The Constitutional Court is today expected to decide the case in which Zimbabwe People First leader Joice Mujuru is challenging the validity of a Presidential decree that introduced bond notes.
Mujuru has hired Constitutional law expert Professor Lovemore Madhuku to argue the matter before the full bench of the apex court. She is seeking the nullification of the regulations for want of fulfilling the constitutional obligations.
The ZimPF leader also wants an order declaring that President Mugabe, by exercising Parliament’s primary law-making power through Statutory Instrument 133 of 2016, failed to fulfil his constitutional obligations to obey certain provisions of the Constitution.
In her papers filed with the court, Mujuru’s contention is that President Mugabe has no constitutional authority to make statutory instruments and/or amend Acts of Parliament.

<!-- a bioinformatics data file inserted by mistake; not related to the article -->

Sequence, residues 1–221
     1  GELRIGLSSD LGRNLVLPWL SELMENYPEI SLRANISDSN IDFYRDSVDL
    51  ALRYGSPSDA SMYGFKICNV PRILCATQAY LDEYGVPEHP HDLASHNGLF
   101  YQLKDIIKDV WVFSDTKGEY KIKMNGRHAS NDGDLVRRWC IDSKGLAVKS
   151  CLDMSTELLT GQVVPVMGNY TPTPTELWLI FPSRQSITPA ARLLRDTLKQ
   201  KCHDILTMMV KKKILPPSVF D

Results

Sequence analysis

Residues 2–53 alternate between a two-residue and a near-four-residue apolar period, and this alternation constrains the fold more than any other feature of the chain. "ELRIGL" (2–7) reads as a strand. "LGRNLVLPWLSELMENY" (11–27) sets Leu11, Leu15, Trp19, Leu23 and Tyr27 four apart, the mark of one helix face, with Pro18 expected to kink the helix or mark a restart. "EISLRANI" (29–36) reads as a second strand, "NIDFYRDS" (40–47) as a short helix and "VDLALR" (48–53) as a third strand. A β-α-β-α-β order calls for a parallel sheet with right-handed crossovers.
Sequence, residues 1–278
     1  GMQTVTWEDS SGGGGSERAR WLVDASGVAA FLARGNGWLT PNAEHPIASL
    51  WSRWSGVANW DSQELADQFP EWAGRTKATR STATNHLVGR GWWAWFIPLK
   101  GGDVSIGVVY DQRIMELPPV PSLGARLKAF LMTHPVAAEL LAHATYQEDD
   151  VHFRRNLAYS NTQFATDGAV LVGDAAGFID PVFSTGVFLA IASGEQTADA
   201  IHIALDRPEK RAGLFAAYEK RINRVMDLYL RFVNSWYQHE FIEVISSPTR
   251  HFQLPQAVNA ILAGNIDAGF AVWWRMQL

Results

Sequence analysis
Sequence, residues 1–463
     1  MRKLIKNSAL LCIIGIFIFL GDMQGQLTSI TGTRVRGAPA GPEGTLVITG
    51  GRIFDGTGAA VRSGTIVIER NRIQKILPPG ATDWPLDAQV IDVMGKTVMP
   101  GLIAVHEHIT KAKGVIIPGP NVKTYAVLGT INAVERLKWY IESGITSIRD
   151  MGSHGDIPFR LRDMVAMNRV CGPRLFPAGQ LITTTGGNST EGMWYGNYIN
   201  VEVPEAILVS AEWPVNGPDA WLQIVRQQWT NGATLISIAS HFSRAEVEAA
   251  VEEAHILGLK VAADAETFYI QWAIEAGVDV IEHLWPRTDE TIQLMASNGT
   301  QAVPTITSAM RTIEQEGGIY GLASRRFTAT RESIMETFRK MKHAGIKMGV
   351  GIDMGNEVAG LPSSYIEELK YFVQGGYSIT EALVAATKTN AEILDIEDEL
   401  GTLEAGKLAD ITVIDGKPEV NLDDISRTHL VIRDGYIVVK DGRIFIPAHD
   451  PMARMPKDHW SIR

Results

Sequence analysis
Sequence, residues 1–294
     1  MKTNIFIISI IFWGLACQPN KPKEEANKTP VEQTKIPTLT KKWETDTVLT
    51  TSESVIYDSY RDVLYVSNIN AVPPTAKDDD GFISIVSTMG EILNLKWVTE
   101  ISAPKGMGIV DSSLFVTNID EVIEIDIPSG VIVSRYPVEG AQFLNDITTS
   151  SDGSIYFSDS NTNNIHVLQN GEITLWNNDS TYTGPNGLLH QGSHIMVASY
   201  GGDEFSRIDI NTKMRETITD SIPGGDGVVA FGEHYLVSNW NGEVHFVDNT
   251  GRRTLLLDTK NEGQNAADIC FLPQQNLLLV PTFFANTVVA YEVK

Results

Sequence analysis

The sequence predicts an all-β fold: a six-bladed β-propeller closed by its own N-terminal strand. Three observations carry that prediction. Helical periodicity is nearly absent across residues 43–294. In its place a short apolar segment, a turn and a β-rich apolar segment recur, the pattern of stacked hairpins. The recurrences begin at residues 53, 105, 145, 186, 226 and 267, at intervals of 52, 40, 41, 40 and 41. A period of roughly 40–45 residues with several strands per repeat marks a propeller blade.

The bond notes, introduced in $2 and $5 denominations and backed by a $200 million African Export Import Bank (Afreximbank) loan facility, are at par with the US dollar.
Government is also expected to gradually roll out the $10 and $20 notes.
All the listed respondents – President Mugabe, Parliament, Finance and Economic Development Minister Patrick Chinamasa, Reserve Bank of Zimbabwe Governor Dr John Mangudya and Attorney-General Advocate Prince Machaya – are strenuously opposing Mujuru’s application for lack of merit and want it dismissed with costs.
Last September, the apex court threw out Mujuru’s request to nullify the executive decree, saying the challenge was premature and speculative because the disputed currency was not yet in circulation.
Two months later, Mujuru went back to the Constitutional Court to contest the legality of a Presidential decree providing a legal framework for the introduction of the bond notes as legal tender in a fresh case.